About a month ago Red Hat announced in our "Under the Brim" newsletter
that we were changing the lifecycle of our Red Hat Linux product line.
This product was originally designed to meet the needs of many
types of users, including large enterprises, corporations, and
individuals. As open source has advanced, it's become clear that this
one size fits all productization of open source technologes no longer
addresses these markets effectively.
Last year we introduced Red Hat Linux Advanced Server to better address
the needs of enterprise users of open source technologies. It's slower
release cycle, longer beta period, and extended terms of support were
specifically designed to help open source penetrate large IT users.
While Red Hat Linux Advanced Server's feature set and price point
are aimed at a reasonably high end user, our recent announcement of a
sibling Red Hat Linux Advanced Workstation product demonstrates our
commitment to make enterprise products available at a variety of
As we worked on Red Hat Linux 8.0 we realized that Red Hat Linux's
lifecycle no longer made much sense. This offering is increasingly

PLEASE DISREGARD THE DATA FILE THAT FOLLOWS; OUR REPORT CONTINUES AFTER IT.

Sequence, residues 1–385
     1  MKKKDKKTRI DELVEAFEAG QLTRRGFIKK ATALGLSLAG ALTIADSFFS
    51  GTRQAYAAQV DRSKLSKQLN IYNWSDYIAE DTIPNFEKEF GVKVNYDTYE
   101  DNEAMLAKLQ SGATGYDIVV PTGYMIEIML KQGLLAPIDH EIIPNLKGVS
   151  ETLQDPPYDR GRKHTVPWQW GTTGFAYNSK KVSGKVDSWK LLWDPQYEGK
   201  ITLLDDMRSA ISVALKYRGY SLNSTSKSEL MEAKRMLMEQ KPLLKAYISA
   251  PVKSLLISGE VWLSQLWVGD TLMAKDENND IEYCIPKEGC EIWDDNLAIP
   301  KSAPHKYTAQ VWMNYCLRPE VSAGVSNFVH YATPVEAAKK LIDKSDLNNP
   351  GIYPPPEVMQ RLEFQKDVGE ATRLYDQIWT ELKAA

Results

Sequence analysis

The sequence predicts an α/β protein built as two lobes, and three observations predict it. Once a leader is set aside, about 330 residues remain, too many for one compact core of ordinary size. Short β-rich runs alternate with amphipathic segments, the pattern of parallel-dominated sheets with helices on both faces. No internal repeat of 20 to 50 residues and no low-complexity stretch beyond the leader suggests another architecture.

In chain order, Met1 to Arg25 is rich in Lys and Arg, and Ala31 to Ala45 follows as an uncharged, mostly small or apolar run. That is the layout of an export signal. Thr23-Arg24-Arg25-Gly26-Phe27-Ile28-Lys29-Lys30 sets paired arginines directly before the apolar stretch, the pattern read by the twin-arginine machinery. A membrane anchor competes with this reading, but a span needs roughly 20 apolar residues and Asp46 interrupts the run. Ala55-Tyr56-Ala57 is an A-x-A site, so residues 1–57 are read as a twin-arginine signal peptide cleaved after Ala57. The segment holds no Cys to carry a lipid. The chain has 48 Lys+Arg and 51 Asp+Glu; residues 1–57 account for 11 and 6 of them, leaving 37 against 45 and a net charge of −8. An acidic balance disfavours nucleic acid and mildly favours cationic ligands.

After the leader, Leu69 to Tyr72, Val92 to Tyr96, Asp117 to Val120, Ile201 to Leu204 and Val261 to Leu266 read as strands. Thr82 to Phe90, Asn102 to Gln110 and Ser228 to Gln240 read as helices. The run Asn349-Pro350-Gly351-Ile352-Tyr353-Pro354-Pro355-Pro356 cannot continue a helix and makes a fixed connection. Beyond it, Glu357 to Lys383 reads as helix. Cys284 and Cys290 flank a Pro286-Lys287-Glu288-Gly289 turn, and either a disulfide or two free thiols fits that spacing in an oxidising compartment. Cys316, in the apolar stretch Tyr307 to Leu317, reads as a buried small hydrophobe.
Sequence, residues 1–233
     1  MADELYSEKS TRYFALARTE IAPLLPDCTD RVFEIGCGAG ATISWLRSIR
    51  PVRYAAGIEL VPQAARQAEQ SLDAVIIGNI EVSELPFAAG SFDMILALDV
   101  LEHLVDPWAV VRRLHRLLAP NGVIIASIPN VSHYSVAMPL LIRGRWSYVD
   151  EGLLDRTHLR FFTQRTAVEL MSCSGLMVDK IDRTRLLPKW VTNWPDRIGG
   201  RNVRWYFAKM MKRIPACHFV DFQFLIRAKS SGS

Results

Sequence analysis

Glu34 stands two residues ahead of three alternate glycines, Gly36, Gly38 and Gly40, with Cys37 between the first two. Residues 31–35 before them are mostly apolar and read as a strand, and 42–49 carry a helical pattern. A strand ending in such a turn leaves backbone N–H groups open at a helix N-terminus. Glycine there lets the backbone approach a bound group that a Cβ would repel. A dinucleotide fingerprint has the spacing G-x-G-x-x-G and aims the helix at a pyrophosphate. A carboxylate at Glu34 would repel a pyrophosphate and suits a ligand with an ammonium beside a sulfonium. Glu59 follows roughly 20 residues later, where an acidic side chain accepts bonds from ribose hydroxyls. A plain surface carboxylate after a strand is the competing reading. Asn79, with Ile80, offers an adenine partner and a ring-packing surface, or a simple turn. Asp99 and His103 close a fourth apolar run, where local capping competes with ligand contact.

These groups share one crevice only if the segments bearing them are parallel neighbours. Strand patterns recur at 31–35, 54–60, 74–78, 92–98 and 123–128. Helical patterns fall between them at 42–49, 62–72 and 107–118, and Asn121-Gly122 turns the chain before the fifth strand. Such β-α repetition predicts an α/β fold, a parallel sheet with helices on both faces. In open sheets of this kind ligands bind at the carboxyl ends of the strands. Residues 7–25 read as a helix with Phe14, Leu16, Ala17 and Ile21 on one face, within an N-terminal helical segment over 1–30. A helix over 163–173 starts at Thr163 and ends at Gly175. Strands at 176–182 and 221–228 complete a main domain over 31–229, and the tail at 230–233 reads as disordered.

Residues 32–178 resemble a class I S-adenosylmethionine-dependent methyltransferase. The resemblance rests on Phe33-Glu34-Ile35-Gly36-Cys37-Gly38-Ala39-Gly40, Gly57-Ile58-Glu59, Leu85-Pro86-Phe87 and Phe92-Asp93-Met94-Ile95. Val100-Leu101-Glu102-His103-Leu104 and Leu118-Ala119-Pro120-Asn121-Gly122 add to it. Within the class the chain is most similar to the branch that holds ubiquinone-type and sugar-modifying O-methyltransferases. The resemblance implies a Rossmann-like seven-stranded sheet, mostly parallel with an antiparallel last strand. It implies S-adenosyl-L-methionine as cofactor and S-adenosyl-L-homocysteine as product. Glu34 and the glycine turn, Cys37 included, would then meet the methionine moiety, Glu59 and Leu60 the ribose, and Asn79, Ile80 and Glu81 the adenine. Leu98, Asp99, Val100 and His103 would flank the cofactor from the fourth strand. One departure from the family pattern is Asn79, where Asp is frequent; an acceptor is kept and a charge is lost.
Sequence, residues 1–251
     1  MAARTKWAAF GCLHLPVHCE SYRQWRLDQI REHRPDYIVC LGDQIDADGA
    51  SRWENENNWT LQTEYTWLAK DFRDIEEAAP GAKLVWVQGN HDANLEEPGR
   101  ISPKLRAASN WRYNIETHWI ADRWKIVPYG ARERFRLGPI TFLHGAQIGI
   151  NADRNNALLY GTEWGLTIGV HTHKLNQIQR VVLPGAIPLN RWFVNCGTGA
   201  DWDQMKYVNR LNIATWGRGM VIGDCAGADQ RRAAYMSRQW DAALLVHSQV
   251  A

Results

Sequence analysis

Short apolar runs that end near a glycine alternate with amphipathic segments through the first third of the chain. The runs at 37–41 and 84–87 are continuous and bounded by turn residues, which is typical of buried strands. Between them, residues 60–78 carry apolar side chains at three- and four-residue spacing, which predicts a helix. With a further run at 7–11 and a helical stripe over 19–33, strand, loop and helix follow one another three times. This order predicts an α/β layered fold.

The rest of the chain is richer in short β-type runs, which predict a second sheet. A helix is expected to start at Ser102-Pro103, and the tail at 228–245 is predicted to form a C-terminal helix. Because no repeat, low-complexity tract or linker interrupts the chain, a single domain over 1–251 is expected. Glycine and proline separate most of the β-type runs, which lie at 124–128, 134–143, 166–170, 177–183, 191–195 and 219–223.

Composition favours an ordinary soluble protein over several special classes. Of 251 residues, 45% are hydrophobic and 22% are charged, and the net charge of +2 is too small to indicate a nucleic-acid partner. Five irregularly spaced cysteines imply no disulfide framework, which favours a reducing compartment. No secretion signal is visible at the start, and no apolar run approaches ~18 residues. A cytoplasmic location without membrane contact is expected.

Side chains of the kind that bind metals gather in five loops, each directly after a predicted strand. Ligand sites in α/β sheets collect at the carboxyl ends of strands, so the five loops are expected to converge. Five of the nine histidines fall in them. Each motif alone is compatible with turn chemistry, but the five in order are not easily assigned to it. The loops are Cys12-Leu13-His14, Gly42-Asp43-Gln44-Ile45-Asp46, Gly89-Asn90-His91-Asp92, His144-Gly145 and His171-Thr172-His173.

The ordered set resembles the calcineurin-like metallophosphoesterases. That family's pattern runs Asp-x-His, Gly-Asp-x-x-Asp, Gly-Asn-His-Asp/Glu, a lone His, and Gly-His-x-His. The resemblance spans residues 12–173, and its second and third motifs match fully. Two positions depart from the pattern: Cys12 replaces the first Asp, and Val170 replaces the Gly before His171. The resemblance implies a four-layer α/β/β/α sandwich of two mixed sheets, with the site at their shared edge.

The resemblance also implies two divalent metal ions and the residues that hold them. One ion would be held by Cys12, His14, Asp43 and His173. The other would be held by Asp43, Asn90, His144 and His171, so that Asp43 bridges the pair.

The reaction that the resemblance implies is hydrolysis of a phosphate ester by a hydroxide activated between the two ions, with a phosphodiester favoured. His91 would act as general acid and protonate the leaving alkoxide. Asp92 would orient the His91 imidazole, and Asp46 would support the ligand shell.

aimed at providing easy access to leading edge open source technologies,
which by definition evolve extremely rapidly. Our ability to support
these rapidly changing projects for long periods of time is quite
limited, and we wanted to provide realistic promises for both the
level of support and the time period we can offer such support. We
also looked at our customer base and saw how rapidly our older products
get upgraded. For example, about two thirds of our Red Hat Linux users
currently run Red Hat Linux 7.3 or 8.0, and over 90% run 7.2, 7.3,
or 8.0, all of which are less then a year old. These numbers strongly
support our belief that while setting our lifecycle for these products
at one year we're inconvienencing some of our users, this is a nonevent
for the vast majority of them.
Red Hat has always been a strong proponent of the open source development
model, and we believe that delivering rapid releases of Red Hat Linux
which can be freely obtained is the best way of showcasing the
innovations the open source community generates. We continue to make
our source code easy to obtain, modify, and share, allowing our user
base to customize their systems however they like, and share those
customizations with their peers. This model is core to everything we
do here at Red Hat, and we hope our user base recognizes that this
model means that Red Hat Linux will be supported by our users as long
as it retains value for them, regardless the level of "official" support
older releases receive.